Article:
Mediator pattern

It has been a long time since my last “pattern focus” but I think I’m ready to pick it up again. This time I want to talk about the mediator pattern, the UN diplomat of patterns.

I have a funny history with this pattern. When I first used it I patted myself on my back really proud of the code design. By then I did not know that the implementation was a known pattern, I had just made sure that my implementation honored the Single Responsibility Principle (separation of concerns). the Liskov Substitution Principle and basic OO reuse. A living proof that the principles behind software design drives code into the same basic patterns of implementation in many code bases around the world.

The project where this code emerged was a windows forms project and the “problem” was to reuse validation with multiple controls and across multiple forms. In my first attempt I tried to reuse the “Validating” event handler. That did not scale well enough across forms so I decided that I needed something else.

My second attempt was to subclass the textbox, but that meant either to create extra events that someone had to subscribe to or make the new textbox depend on any other error informing method like requiring a ErrorProvider to be passed to the constructor . Adding that kind of dependencies was not an option, additionally this approach would also disqualify any third party textboxes already extending the textbox class (a reality in this project) from reusing the validation logic.

For my third attempt I decided to create a class that would “mediate” between the textbox and the ErrorProvider on the form. Using mediation I could defer from using inheritance and did not have to add extra dependencies to my textboxes, thus enforcing SRP and a couple of other three letter abbreviations. It also enabled reuse of the validation for any kind of textbox, not just a certain type.

Enter the star of this post: The TextBoxNotEmptyValidator class.

The design was simple, inject the textbox and the error provider from the outside and let the validator class handle the communication between them (And yes MVC/MVP might have solved the same problem, but that is past the point of this discussion).

The class looked like this:

public class TextBoxNotEmptyValidator { private ErrorProvider errorProvider; private TextBox textBox; public TextBoxNotEmptyValidator(TextBox textBox, ErrorProvider errorProvider) { this.errorProvider = errorProvider; this.textBox = textBox; this.textBox.Validating += TextBoxValidating; } protected void TextBoxValidating(object sender, CancelEventArgs e) { if (string.IsNullOrEmpty(textBox.Text)) Tell("Textbox can't be empty"); else ClearAnyError(); } private void Tell(string message) { errorProvider.SetError(textBox, message); } private void ClearAnyError() { errorProvider.SetError(textBox, string.Empty); } }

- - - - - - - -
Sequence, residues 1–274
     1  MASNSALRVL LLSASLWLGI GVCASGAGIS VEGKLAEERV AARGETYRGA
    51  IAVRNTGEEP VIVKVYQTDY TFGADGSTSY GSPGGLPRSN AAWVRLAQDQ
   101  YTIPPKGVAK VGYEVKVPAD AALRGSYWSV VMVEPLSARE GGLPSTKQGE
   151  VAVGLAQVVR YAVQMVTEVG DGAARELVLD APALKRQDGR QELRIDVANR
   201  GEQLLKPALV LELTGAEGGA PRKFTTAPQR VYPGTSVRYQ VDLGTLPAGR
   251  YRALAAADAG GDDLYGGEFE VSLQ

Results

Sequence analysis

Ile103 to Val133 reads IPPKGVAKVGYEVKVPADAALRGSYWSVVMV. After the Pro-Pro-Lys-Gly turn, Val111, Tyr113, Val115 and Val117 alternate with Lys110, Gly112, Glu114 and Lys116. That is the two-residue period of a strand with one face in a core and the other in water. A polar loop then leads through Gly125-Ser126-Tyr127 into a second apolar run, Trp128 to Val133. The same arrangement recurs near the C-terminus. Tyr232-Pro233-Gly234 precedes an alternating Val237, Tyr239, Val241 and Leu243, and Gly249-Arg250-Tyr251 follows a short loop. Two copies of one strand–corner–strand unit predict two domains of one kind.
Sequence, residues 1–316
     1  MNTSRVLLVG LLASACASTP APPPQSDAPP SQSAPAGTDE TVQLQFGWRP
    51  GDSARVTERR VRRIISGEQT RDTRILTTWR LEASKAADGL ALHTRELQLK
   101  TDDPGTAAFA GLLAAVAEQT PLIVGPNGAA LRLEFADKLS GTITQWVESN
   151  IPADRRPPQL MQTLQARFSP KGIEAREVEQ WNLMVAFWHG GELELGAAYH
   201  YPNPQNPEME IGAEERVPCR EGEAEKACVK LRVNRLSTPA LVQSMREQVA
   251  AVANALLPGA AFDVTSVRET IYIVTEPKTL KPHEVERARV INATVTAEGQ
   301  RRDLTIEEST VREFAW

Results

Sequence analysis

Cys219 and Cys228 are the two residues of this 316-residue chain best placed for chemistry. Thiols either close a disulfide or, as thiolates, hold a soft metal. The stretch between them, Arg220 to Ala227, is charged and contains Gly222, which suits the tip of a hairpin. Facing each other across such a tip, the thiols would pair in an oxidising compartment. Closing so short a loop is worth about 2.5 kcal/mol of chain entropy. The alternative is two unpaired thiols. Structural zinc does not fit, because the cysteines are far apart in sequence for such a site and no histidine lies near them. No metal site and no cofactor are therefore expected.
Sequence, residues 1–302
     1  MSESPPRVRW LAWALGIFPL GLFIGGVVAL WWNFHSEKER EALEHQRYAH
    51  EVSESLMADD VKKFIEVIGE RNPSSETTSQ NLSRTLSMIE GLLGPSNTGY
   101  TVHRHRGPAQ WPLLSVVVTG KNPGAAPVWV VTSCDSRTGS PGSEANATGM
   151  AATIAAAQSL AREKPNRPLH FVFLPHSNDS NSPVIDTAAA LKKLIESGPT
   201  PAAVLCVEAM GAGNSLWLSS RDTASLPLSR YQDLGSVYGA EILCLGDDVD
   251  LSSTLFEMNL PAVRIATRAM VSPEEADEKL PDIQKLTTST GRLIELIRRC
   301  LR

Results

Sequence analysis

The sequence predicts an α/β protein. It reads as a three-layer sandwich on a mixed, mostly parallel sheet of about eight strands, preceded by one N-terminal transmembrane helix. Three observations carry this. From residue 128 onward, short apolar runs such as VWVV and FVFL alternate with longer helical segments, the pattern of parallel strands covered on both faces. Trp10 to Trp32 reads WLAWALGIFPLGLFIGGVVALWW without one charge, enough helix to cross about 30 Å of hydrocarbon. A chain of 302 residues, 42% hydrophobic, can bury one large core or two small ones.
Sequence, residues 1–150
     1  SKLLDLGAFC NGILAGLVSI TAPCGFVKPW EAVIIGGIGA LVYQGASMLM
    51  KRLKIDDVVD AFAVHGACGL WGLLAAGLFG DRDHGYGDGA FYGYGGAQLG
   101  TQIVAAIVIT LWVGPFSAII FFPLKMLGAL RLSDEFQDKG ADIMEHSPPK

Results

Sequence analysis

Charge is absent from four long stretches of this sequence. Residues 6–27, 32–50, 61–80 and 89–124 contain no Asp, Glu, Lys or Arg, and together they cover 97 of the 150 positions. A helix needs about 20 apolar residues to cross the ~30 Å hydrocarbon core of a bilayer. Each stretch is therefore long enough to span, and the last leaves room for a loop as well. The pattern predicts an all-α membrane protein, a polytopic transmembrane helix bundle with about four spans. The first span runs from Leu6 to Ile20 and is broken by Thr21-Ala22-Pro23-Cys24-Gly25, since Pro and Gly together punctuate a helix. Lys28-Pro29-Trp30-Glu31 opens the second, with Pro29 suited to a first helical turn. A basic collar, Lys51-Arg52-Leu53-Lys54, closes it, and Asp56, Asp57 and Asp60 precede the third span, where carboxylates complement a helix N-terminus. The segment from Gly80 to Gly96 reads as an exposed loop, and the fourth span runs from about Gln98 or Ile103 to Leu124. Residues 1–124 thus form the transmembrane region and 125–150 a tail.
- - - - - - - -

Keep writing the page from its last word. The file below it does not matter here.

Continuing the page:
A pretty simple implementation; no inheritance needed and fully reusable. The usage was even more simple:

TextBoxNotEmptyValidator validator; . . validator = new TextBoxNotEmptyValidator(textBox1, errorProvider1);

A classic mediator; take two unrelated objects and make them interact with each other using reusable code. This is a standard implementation of the mediator pattern, it could be further enhanced by removing the dependency from concrete classes (TextBox and ErrorProvider) and depend on interfaces instead. For this particular implementation I choose not to, the extra level of indirection would be a pointless exercise since the only scenarios where the validator ever were used just involved textboxes and errorproviders. Later in this project I also combined the mediator with the “composite pattern” to make the reuse even easier and to minimize DRY violations, I will follow up with a separate post on that.

Other pattern examples:

Leave a Reply

Your email address will not be published. Required fields are marked *